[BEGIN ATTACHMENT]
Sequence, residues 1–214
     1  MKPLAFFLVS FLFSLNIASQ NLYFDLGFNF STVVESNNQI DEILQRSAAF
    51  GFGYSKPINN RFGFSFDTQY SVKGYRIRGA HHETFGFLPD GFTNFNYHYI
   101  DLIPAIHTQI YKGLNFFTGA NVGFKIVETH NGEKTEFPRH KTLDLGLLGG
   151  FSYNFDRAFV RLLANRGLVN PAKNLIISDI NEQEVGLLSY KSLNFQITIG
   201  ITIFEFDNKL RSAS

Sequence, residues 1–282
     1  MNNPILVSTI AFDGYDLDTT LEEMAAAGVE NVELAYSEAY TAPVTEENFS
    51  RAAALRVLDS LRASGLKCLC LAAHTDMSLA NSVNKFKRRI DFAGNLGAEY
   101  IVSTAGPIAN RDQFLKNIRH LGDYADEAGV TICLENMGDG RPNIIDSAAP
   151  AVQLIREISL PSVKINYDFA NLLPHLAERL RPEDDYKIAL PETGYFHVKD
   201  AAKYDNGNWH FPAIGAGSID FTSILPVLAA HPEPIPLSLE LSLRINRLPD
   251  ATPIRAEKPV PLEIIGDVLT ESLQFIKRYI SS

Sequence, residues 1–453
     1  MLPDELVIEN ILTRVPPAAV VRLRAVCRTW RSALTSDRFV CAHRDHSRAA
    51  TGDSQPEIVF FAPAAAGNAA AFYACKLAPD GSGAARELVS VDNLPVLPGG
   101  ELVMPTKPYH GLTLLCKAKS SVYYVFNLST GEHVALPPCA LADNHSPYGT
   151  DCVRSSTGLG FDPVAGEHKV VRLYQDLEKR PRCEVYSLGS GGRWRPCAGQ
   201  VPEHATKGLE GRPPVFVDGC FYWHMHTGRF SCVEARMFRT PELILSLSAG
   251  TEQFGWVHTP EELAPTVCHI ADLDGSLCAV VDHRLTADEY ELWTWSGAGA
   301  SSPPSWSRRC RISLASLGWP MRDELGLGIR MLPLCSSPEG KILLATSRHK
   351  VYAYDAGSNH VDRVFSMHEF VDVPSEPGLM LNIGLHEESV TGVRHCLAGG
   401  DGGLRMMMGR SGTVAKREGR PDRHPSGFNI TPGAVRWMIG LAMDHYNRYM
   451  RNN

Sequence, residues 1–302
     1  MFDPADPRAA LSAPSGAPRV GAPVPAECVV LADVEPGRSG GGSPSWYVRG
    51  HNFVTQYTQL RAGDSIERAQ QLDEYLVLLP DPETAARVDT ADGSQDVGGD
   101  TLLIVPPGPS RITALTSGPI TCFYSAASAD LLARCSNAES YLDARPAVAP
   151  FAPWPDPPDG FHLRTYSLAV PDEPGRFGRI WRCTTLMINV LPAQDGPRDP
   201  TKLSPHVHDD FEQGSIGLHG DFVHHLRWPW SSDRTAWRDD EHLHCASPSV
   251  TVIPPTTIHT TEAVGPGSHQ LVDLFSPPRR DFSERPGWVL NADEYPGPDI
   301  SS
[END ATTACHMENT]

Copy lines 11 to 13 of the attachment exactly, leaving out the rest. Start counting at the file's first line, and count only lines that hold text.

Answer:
   151  AVQLIREISL PSVKINYDFA NLLPHLAERL RPEDDYKIAL PETGYFHVKD
   201  AAKYDNGNWH FPAIGAGSID FTSILPVLAA HPEPIPLSLE LSLRINRLPD
   251  ATPIRAEKPV PLEIIGDVLT ESLQFIKRYI SS